Ben Lamb

Most recently on stage, Ben Lamb was performing as Bruce at Finborough Theatre in How to Survive an Apocalypse, running until the end of October, and his other stage work has included The Merchant of Venice and Macbeth, with his first play being Hamlet at the Crucible Theatre. With his screen career, Ben starred as Prince/King Richard in the A Christmas Prince film trilogy on Netflix, which led to having a cameo in The Princess Switch: Switched Again. Amongst his numerous screen roles, Ben played Major Robert Ellis in The Warrior Queen of Jhansi, Lucas in Blood Orange, Anthony Rivers in The White Queen, and has had many guest roles including in the Christmas special of Victoria. Ben has filmed for upcoming projects End of Term and The Ledge, with release dates not yet announced. We caught up with Ben about his recent run in How to Survive an Apocalypse, his time as Prince/King Richard in A Christmas Prince film trilogy and his upcoming work.

You’ve recently finished your run as Bruce in How to Survive an Apocalypse, what was it like being part of the UK premiere at Finborough Theatre?

It was so exciting to be onstage again after what we’ve been through the last couple of years. The premiere itself was nerve-racking because Jordan Hall’s script is extremely finely balanced. If you lose concentration for one moment with something written so tautly, the whole thing can faceplant in an instant!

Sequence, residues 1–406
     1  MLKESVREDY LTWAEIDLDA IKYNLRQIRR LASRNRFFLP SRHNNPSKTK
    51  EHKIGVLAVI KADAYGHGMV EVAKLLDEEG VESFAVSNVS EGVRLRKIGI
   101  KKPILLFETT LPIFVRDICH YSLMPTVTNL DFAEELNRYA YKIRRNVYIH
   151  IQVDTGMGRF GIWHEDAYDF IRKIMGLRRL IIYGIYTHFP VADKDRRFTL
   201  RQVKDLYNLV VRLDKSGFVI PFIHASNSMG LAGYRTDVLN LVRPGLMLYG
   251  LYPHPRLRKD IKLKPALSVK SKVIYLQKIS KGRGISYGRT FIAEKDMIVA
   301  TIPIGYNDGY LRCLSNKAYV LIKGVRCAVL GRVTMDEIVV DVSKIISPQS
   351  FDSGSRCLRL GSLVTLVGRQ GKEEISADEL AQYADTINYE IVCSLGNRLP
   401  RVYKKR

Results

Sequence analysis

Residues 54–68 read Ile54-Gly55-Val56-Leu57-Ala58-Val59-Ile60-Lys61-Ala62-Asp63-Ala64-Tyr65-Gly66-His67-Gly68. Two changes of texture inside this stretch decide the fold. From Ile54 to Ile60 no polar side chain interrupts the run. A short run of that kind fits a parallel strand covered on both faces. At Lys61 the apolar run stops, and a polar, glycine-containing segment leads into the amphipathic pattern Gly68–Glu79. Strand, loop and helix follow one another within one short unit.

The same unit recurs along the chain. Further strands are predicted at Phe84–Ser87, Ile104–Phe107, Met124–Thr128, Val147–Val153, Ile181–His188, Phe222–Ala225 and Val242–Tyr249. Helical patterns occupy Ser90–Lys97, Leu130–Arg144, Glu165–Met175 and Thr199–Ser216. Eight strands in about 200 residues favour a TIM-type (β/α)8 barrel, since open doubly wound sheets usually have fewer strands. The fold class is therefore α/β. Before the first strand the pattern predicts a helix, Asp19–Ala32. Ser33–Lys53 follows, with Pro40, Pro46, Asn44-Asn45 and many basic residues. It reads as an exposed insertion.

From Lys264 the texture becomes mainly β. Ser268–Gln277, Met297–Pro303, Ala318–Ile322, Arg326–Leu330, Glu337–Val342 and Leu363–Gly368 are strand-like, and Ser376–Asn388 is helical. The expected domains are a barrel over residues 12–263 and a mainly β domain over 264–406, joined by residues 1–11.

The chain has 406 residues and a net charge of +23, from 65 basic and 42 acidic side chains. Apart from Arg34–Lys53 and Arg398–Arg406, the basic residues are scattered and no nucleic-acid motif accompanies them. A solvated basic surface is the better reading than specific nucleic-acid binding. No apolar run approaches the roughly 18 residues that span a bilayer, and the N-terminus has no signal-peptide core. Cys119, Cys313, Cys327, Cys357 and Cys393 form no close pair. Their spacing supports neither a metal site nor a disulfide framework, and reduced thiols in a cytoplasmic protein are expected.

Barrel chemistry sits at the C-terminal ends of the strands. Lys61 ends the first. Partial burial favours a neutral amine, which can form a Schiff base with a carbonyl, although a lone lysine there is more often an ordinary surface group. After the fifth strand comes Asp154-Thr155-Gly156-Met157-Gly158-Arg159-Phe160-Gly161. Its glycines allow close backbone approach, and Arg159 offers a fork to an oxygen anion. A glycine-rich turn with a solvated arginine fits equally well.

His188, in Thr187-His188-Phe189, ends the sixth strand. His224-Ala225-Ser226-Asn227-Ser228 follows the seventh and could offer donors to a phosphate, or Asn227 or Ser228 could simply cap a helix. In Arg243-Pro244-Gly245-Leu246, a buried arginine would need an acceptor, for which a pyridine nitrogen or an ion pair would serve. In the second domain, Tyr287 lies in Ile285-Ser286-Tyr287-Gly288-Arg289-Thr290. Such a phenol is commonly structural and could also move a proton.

Was there anything that drew you to the production and can you tell us about the show?

I was really keen to work in such a small theatre. I’ve only worked professionally in much bigger theatres, and was excited to work on Bruce, to somewhat humanise what could easily be a very unappealing character, in the exposing environment of what is essentially a small room above a pub(!). Made even smaller by the director’s decision to have audience on both sides in traverse. How to Survive an Apocalypse was first performed in Canada in 2016, and as you can imagine from the title, it has an uncanny prescience today — though not necessarily in the most obvious ways. At its heart, it’s a play about the breakdown of a relationship, and what happens to three consumerist millennials when confronted by the nihilist and ultimately destructive force of the character I play. There are moments of real tenderness and lightness, but it’s also an exploration of the difficulties my generation face, so there’s a lot of meat there too.